The form of the work presents wonderful contrasts, with the lively opening allegro prepares us for enchantment Larghetto. the Allegretto the finish with variations concludes and perfectly balances the whole.
Fisch maintained disciplined but proper tempos in all movements. The virtuoso scale passages were accomplished with confident ease, but the balance with the orchestra was less than ideal. The cadenza used was from Brahms – an opportunity for a more romantic and full style of playing. The sudden change in style upset the “status quo” for this writer. The orchestral accompaniment stylistically complemented the soloist, but the issue of balance between soloist and orchestra was a frustration throughout the performance.
The concert culminated with Tchaikovsky’s Symphony No. 6 in B minor, ‘Pathétique’. It wouldn’t be surprising if the themes of Tchaikovsky’s Sixth Symphony featured in many films, the long seductive melodies lending themselves to tragedy and pathos, and the driving marching rhythms conveying nationalist pride. Tchaikovsky originally approved the title “Patetitceskaja” meaning “passionate” when he conducted the initial performance of the work. The first posthumous performance adopts the name “Pathétique” which has been used ever since.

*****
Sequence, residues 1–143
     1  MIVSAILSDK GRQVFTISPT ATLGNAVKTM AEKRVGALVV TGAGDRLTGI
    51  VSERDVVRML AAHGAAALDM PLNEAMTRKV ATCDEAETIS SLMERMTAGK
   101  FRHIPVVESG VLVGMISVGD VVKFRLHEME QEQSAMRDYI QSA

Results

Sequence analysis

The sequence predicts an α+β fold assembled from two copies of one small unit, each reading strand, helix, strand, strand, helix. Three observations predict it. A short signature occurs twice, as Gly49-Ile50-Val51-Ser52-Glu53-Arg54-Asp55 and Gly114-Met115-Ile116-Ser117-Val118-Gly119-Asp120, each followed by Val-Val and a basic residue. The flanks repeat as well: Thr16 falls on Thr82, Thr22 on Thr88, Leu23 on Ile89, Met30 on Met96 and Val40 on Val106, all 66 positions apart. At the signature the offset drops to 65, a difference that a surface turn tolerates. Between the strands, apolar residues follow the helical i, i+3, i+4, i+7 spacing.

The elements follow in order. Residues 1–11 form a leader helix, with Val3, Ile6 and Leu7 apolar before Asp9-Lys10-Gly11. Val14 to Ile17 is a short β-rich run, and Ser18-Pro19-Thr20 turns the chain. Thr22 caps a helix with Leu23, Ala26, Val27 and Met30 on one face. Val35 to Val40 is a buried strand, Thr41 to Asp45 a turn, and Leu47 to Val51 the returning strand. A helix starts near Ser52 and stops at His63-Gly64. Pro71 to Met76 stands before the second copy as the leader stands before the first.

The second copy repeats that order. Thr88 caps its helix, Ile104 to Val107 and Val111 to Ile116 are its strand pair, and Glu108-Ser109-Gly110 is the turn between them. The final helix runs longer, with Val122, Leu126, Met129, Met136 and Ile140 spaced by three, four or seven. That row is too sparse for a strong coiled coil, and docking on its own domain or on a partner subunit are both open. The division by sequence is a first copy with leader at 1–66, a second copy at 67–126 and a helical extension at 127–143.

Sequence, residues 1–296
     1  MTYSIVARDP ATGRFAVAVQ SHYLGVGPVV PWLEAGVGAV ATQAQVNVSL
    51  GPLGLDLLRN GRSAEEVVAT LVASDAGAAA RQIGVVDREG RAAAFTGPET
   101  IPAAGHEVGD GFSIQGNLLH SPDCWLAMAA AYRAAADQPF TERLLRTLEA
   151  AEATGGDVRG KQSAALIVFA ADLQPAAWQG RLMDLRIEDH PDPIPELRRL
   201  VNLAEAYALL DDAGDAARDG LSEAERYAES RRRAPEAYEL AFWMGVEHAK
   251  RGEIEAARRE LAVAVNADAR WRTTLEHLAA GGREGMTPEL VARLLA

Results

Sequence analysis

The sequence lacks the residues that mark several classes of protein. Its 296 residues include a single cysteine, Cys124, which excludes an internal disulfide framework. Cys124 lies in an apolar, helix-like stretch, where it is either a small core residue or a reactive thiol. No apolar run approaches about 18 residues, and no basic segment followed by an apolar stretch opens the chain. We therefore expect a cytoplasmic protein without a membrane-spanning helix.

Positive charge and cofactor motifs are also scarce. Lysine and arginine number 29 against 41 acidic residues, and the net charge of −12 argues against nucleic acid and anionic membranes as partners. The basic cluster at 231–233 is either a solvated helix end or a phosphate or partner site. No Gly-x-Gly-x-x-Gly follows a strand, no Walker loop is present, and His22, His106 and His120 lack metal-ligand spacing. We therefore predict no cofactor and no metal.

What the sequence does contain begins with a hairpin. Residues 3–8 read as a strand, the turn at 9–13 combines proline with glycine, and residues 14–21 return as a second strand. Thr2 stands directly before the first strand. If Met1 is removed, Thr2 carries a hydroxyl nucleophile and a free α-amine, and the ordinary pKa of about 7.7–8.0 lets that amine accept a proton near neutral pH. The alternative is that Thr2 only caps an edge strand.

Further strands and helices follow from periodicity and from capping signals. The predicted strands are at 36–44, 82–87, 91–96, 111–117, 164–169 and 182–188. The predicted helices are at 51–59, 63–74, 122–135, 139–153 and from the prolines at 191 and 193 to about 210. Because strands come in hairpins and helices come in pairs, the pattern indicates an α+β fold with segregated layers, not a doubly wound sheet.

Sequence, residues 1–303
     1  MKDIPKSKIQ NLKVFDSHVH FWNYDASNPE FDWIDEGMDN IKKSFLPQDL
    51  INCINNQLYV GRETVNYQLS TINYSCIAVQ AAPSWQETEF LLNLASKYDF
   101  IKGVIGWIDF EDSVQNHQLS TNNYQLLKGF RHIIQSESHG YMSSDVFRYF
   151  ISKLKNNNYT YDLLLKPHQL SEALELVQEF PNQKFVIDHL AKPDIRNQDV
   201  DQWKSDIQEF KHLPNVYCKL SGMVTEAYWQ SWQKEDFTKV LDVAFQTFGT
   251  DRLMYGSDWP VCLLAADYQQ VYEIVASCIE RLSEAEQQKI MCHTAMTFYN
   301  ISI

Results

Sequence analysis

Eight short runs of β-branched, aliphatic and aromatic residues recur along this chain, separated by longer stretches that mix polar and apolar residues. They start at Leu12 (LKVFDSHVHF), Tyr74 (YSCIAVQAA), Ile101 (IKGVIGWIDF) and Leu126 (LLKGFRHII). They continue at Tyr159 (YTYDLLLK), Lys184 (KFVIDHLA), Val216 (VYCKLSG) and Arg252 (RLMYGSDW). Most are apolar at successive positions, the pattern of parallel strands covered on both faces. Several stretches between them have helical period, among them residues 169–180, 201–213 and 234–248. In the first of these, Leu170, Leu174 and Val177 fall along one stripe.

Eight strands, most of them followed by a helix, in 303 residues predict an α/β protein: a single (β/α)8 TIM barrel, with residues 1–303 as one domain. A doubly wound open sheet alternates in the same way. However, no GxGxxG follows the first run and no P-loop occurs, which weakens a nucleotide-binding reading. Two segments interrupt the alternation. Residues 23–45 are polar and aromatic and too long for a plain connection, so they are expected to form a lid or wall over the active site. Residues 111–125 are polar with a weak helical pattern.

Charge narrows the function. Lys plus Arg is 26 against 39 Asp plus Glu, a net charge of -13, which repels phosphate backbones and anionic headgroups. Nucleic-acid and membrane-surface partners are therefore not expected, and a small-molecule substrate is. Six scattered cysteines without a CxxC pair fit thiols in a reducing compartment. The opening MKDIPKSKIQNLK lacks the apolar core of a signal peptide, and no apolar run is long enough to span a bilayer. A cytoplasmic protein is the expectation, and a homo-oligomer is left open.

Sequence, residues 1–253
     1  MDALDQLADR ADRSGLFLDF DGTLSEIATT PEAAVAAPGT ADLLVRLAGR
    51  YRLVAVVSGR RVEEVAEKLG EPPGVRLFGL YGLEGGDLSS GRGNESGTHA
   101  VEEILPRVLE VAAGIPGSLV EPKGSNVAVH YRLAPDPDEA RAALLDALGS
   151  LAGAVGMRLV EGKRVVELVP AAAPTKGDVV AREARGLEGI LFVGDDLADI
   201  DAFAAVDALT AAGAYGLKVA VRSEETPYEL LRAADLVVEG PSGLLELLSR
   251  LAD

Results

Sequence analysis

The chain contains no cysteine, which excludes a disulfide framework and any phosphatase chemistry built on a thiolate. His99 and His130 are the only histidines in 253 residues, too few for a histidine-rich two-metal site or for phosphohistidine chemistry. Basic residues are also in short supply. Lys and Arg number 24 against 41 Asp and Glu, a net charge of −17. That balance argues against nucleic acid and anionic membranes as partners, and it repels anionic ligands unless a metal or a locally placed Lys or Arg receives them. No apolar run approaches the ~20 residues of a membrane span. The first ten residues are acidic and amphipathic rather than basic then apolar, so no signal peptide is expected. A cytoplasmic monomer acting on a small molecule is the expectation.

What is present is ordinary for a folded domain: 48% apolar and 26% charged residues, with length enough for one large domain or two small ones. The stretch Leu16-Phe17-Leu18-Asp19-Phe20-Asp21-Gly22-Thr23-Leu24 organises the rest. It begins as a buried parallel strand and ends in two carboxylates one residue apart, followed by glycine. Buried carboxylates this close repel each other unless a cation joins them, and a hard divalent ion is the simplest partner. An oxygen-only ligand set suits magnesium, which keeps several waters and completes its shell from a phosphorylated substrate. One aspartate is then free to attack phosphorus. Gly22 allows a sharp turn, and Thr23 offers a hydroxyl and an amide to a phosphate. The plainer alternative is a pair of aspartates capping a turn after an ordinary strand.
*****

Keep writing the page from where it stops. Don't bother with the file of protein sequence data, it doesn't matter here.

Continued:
The composer described the work as “the best and sincerest of all my creations”. At 53, he feels he has found a way out of a symphonic impasse, reconnecting with the heights of his symphonic success and moving away from banal piano pieces and popular works such as Nutcracker ballet, which he considered a creative numbness.
The sixth symphony was dedicated by Tchaikovsky to his nephew Vladimir Davydov. Theories abound as to whether this symphony was a “suicide note”, but family correspondence indicated that Tchaikovsky had been optimistic and brighter than usual when composing the work. He knew he had reached a climax in his composition, not conforming to the rigid rules that dictated a loud triumphal ending – although it has been suggested that to conclude with a powerful ending, some Soviet orchestras reversed the order of the last two movements.